© Photo | ebm-papst

Ice-Cold Savings

The specialist for refrig­er­a­tion and air-condi­tioning devices, Roller, is consis­tently converting from AC to EC tech­nology in its evap­o­ra­tors – the customers have also been convinced of this step now

If we picture the refrig­er­a­tion and air-condi­tioning industry as a large parking lot, Roller would prob­ably be a Mercedes or BMW. On the global market, this company based in Gerlingen is one of the top providers of evap­o­ra­tors, heat exchangers and air-condi­tioning devices for commer­cial use. This self-image is some­thing that devel­op­ment manager Ingo Raisch deals with very consciously. “We don’t even try to use price to break into the market. Instead we put every­thing into always being a step ahead tech­no­log­i­cally.” A symbol for this inno­va­tion-driven thinking is surely the consis­tent change to modern, energy effi­cient tech­nology. Since the begin­ning of this year, energy saving Green­Tech EC fans have been replacing their AC coun­ter­parts in three evap­o­rator series. This new variant is not an alter­na­tive as with other providers, but rather is manda­tory. If you want Roller, you also have to want EC. “Surely a bold step”, Raisch admits. “But it has paid off for us.”

The pilot project

Roller devel­op­ment manager Ingo Raisch (left) and Martin Schulz from ebm-papst while inspecting a fan with a Green­Tech EC motor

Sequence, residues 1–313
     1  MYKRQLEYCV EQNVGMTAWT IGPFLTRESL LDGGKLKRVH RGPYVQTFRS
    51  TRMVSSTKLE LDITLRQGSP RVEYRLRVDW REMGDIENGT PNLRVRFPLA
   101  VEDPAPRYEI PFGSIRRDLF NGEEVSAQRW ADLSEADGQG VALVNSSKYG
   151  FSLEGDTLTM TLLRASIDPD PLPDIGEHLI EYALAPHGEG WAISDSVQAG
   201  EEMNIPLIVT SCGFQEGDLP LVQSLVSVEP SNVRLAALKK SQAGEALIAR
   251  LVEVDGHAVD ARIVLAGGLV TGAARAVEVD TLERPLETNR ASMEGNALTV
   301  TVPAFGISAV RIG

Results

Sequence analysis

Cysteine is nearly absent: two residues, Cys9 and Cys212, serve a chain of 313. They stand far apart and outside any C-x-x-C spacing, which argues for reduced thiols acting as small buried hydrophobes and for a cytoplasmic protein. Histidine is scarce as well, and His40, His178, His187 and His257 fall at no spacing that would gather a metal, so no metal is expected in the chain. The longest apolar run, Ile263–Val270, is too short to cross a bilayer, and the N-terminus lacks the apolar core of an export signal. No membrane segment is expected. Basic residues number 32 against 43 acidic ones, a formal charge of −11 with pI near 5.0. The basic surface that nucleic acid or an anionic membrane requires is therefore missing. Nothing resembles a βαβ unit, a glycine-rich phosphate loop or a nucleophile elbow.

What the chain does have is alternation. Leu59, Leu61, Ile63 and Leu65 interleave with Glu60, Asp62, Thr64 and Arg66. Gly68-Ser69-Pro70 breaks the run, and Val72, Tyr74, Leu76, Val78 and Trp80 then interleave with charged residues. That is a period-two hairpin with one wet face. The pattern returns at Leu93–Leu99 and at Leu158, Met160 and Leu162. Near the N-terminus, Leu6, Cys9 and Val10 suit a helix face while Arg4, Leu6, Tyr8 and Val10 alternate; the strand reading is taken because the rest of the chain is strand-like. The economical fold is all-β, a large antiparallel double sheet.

To under­stand how it came to this step, first we have to turn back the clock a little and jump to the year 2009. At that time the situ­a­tion at Roller still looked a little different. AC and shaded-pole motors still oper­ated in the appli­ances then. However, the energy effi­ciency trend was also becoming ever more impor­tant for the customers of the Gerlingen, Germany-based company. Large super­market chains, for example, often explic­itly demanded EC tech­nology in their tender docu­ments. There­fore Raisch risked the pilot project with an evap­o­rator series that to date had been driven by shad­ed­pole motors. The great require­ment of tech­nology partner ebmpapst was this: The changeover has to take place on a 1:1 scale. The motor replace­ment must be possible without any addi­tional changes to the end product. Besides the dimen­sions, accord­ingly, the air perfor­mance had to remain iden­tical – ideally, with a decreasing noise level.

“Natu­rally it was to our benefit that we have nurtured good contacts with Roller for many years,” explains Martin Schulz, Team leader project manage­ment in sales at ebm-papst Germany. The two compa­nies have worked together since the mid 1990s. “Our engi­neers knew precisely the appli­ca­tion and its spec­i­fi­ca­tions.” Accord­ingly, the mechan­ical changeover happened very quickly. The devel­opers also master­fully over­came the chal­lenge posed by low oper­ating temper­a­tures in the double-digit below-zero range, as Schulz reports: “We purposely selected mate­rials and parts which have no problem func­tioning, even at minus 40 degrees.”

Higher invest­ment with added value

The real chal­lenge was for Roller: the company’s Sales team also had to commu­ni­cate the para­digm shift to all those customers who had not insisted on it. “Of course, one or two were a bit upset upon seeing a price increase in the new price list,” says Raisch. “We contained that by taking the initia­tive in commu­ni­cating the added value.” Roller started an infor­ma­tion campaign with flyers, presen­ta­tions and every­thing else that goes along with this.